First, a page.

As the player who leads England’s attacking meetings, Ford will be hoping to spark England’s backline after a series of performances dominated by the forwards. He returns from injury to fill the No 10 jersey against Dan Biggar, and will need to change the strategy in the absence of wrecking ball Ollie Lawrence.

by Nik Simon 

George Ford, reinstated to the No 10 shirt, explained that Jones’s side aim to be respectful and ruthless: ‘We’re going to come up against a team that will do anything to win this game,’ he said. ‘That makes Wales a different beast.

‘What we’ve done up to this point isn’t going to be good enough. We need to raise our performance levels again to get a result. Any guy playing in the red shirt against England is going to do everything they can to win that game. What I would say is that we’re the same. We’re massively motivated, competitive and as hungry as ever.’

Asked if being written off — as Wales have been — can be a powerful motivator, he added: ‘It can be. Sometimes it can galvanise a team. It can bring the best out of a team.

‘That’s why we’re preparing for the best possible Wales performance this week. We understand that situations like that can bring the best out of them.

‘We’ve had a conversation as players that we don’t want to put in a really poor performance and have a kick up the backside ourselves. We want to keep getting better and learning while winning.

‘Sometimes that can be more difficult than having a bad performance or a loss to give you that. We want to stay ahead of that curve.’

Ford’s half-back partner for club and country, Ben Youngs, echoed the need to avoid regarding Saturday’s outcome as a foregone conclusion, adding: ‘Wales v England is a game when form and past results go out the window. In this fixture, form and past results are irrelevant.’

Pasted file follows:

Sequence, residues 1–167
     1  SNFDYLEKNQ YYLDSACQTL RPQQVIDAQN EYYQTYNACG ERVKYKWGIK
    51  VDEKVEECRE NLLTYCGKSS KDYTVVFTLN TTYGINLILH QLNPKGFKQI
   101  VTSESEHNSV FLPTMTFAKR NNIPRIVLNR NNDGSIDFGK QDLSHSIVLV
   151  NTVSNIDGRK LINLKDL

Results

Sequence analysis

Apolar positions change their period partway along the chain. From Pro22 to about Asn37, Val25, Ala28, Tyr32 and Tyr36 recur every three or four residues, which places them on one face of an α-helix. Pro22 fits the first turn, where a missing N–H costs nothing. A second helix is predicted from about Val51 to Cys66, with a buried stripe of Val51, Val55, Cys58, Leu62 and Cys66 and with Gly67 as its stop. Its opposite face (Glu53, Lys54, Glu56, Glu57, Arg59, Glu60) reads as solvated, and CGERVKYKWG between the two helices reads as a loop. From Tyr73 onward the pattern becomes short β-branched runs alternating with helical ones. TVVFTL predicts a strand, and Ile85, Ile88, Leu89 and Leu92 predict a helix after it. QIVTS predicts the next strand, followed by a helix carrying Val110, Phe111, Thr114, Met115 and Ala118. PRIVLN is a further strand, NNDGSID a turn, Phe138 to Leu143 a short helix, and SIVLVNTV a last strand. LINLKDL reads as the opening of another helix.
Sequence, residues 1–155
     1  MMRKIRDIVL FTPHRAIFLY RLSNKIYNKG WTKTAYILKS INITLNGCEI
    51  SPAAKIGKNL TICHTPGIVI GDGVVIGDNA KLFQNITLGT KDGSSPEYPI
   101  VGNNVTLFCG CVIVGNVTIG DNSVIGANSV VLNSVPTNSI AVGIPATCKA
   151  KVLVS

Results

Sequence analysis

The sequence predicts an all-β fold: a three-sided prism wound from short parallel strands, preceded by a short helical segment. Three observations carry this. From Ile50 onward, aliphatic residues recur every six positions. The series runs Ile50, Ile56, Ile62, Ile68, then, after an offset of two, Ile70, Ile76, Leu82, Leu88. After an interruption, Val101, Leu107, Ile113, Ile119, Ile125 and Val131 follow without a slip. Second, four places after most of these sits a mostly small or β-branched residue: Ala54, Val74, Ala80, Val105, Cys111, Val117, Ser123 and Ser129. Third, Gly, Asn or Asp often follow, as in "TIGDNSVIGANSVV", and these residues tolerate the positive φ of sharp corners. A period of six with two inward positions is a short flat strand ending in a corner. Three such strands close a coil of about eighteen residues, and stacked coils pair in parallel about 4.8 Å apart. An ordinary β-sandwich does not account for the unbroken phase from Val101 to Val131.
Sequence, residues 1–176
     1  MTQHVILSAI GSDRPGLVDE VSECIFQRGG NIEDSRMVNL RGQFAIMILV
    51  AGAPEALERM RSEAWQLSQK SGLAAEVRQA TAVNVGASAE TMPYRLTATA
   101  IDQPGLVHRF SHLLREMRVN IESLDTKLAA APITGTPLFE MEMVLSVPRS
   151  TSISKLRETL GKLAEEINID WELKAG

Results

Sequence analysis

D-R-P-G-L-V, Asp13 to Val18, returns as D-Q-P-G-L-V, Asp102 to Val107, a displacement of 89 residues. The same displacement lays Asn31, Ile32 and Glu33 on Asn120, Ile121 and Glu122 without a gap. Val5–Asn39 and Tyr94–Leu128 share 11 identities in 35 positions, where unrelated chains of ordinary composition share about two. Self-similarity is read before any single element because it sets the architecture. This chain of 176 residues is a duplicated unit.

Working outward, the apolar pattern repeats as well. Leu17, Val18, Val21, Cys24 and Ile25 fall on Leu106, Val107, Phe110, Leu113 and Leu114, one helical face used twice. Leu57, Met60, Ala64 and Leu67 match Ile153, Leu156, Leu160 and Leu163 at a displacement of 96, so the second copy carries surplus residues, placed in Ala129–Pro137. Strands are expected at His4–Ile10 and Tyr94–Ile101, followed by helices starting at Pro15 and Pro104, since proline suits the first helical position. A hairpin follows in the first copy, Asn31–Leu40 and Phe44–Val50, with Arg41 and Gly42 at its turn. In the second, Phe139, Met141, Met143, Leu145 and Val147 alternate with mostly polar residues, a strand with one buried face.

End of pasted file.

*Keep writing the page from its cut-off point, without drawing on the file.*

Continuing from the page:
Another stalwart of the back line, Jonathan Joseph, struck a similar note, saying: ‘They’ve lost a few games recently, but they’ll look at this game as the chance to turn their season around.

George Ford, who returns at No 10 for England, says his side will be respectful of the Welsh

Eddie Jones’ players have insisted they are expecting a backlash from out-of-form Wales

‘We know we’ve got a huge battle on our hands. We know how big a challenge it is playing Wales — it’s always one of our biggest games and we have to be right up there mentally and preparation-wise.’

Recent history suggests games against Wales have been among the biggest for England. Yet Pivac’s team do not appear equipped to offer meaningful resistance.

There is no baying mob of a home crowd to add raucous support to the underdogs’ efforts and in a silent arena, their limitations are likely to be exposed.

England hold all the aces: they can dominate with the set-piece, the driving game, kicking, defence and flashes of attacking brilliance. Add to that the depth that will ensure fresh impetus from the bench.

Unstoppable England hold all the aces as they look to dominate play in the forwards and backs

Even the great Alun Wyn Jones will struggle to lead Wales out of this tight corner, despite the reassuring presence of a few more available veterans: Taulupe Faletau, Dan Biggar and Leigh Halfpenny.

The hosts have too many areas of inexperience and transition, which does not bode well.

And with their regions continuing to struggle, this wonderful, intense, tribal sporting rivalry is in danger of becoming one-sided for some time to come.